Wong Java House

Recently at one of my gamelan rehearsals at the Indonesian consulate in Los Angeles, I asked around for recommendations on where to find some good, authentic Indonesian food. Interestingly enough, the response was unanimous: Wong Java House. After such a ringing endorsement, I knew I had to go.

Wong Java House is located in Alhambra, which is about 20 miles away from our home here in LA. Since I don’t have a car, it took us a while to finally make it out there. A casual dining spot, the restaurant has a homey ambience with walls that are adorned with Wayang Kulit (shadow puppet) engravings and traditional Indonesian decorations, giving the space a personal touch.

An older woman sat at one of the tables peeling chilis, a sight that immediately reminded me of home. In Malaysia, it is very common to see restaurant staff cutting and preparing vegetables at tables in the dining area. As it turned out, the older woman was the foster mother of Ning, the owner of the restaurant.

Looking at the menu, I was thrilled to find out that Wong Java House offers vegetarian options for all of their main meat dishes (seafood entrees not included), which is rare to find in Southeast Asian restaurants here and especially back home.

We started with the kangkung belacan, a spicy water spinach stir-fry with chilies, which was very good. The waitress then recommended we try the kremas, a customer favorite. Kremas, which means crunch, is a dish usually made with fried chicken, but I had it substituted with tofu. It was crunchy, light, oily, and delicious-- just the way I like it.

Unfortunately, they were sold out of the rendang, a dish rarely available and usually reserved for special occasions and festivals. Rendang is a very flavorful, spicy curry dish. The dish is very labor-intensive, taking about seven hours to make.

It’s very difficult to get the recipe just right, and it often falls short because of this. But when it’s made right, it is absolutely delicious. We definitely plan to be back for this one as I am sure it must be very good to have been sold out so early in the day.

Lucky for us, Ning, the owner, was there during our visit. She recommended we have the nasi goreng petai, a fried rice dish. Petai means, “smelly beans” in Malay. A popular food in Malaysia, petai is known for its detoxification properties. Petai can be eaten raw or cooked.

I prefer eating mine cooked with sambal because raw petai have a bitter flavor and are more of an acquired taste. Ning’s nasi goreng petai was amazingly good, boasting a variety of delicious flavors. I can honestly say it’s one of the best fried rice dishes I have ever had.

Ning also recommended we try her karedok. As I mentioned before in my “Indonesia Pop-Up Dinner” blog post, I’m not usually a fan of the Asian fruit or vegetable salad back in Malaysia because I find it’s usually too sour for my taste. Ning's vegetable salad, however, was full of flavor and not too sour.

It had just the right amount of graininess, with a lot of delicious peanut sauce that was not too sweet, which is how I like it. Ning explained to us that the salad is made with Thai basil, which is very difficult to find here. Fortunately for her customers, Ning managed to source the hard-to-find herb in Anaheim.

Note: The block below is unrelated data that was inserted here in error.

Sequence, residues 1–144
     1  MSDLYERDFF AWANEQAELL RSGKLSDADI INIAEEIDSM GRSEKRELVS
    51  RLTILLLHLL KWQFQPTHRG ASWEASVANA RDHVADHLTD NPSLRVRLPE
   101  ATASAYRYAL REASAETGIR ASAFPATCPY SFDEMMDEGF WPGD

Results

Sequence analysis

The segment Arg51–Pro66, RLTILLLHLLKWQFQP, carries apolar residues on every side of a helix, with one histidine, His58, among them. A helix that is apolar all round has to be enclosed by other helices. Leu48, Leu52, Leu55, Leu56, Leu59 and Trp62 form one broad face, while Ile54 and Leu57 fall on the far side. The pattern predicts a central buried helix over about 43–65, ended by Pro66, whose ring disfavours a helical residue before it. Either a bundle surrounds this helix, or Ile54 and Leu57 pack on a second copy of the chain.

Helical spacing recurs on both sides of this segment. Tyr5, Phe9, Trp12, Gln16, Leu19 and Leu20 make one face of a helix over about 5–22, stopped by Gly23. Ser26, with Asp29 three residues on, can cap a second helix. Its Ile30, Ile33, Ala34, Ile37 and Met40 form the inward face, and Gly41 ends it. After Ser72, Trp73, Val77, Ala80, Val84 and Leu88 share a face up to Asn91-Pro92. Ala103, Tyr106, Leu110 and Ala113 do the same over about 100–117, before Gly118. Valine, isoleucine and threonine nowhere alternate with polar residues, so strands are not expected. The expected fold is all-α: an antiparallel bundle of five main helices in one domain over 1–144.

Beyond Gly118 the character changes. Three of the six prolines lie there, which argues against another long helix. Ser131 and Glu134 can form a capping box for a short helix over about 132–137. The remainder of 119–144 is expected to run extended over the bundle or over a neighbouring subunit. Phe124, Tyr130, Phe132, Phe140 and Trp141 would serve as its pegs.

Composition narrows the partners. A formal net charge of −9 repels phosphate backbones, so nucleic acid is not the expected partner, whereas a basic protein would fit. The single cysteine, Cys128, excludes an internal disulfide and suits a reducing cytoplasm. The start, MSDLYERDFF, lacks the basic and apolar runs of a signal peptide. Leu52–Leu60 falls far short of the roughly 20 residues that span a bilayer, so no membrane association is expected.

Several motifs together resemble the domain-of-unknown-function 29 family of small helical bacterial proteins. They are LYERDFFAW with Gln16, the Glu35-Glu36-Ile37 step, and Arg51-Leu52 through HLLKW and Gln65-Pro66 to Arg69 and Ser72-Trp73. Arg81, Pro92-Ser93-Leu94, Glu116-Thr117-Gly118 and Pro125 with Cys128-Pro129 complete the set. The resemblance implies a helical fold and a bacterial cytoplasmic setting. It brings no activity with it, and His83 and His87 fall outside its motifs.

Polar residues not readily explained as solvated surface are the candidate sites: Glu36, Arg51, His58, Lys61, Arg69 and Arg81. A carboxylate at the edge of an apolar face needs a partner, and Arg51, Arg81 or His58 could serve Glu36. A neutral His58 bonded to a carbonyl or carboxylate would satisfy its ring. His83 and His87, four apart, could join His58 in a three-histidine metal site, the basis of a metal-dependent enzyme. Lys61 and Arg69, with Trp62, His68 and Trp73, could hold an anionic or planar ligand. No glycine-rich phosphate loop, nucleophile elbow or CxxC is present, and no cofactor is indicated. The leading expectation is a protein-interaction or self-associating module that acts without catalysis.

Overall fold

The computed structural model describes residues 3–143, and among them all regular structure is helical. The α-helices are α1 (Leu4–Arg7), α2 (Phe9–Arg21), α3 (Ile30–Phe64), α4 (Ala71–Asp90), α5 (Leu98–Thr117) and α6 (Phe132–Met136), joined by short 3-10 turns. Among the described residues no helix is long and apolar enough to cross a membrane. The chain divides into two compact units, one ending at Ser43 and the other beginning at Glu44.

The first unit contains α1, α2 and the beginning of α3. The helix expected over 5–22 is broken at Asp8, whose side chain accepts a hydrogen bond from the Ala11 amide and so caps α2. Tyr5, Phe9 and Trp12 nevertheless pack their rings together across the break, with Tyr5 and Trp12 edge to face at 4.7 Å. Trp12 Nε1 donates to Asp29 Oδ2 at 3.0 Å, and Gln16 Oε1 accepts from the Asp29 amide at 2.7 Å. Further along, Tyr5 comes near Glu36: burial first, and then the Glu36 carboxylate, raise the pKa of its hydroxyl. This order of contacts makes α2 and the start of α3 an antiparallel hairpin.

Next came the nasi bungkusNasi means rice, while bungkus means, “to pack.” The dish was comprised of rice, several curry dishes, tempeh, and veggies served on a banana leaf. Amazed by how delicious the steamed white rice was, Ning explained that the jasmine rice she used for her nasi bungkus is cooked in a very special way.

In fact, Ning won’t let anyone else cook the rice; she comes into the restaurant every day to cook it herself. The amount of water, how much to stir the rice, the timing - she has it all down to a science, and the result is perfection every time.

The texture of the rice is perfect, sticky, but not your typical Japanese sticky rice, and the rice is just starchy enough to absorb the sauce or gravy.  In addition, the fried tempeh, served in an oval shape rather than the usual rectangle, was perfectly seasoned and full of hearty flavor.

Finally, for dessert we had the cendol, a popular cold dessert drink made up of coconut milk, palm sugar, pandan leaf juice, and green jelly-like noodles. Back in Malaysia, cendol is usually served with a lot of shaved ice, but not here, which was a pleasant surprise.

Back home, I usually have to ask them to remove the ice, which often elicits confused expressions from the wait staff. The coconut milk and the palm sugar had just the right amount of sweetness, and I liked the firm green jelly-like noodles used in Ning’s cendol, as the ones used in Malaysia are much softer and break apart easier.

Hands down the cendol at Wong Java house is the best I’ve ever had, and now I know exactly where to go to get my fix!

After our meal, Ning was kind enough to give us a tour of her kitchen where she showed us her secret chili sauces that give her dishes that extra kick. To ensure authenticity and quality, everything at Wong Java House is made from scratch.

Ning also showed us the traditional rice scooper made out of a coconut shell that she uses to make her signature rice. She then proceeded to cook us up some of her delicious fried rice right then and there.  

It may have taken us a while to finally make it out to the Wong Java House, but it was well worth the wait. The food was not only very authentic but also fantastically good, and that I was lucky enough to meet Ning while we were there just made the experience all the more unforgettable.

There is no doubt about it; we will be back there again for sure… especially to try that rendang and for more of that delicious cendol.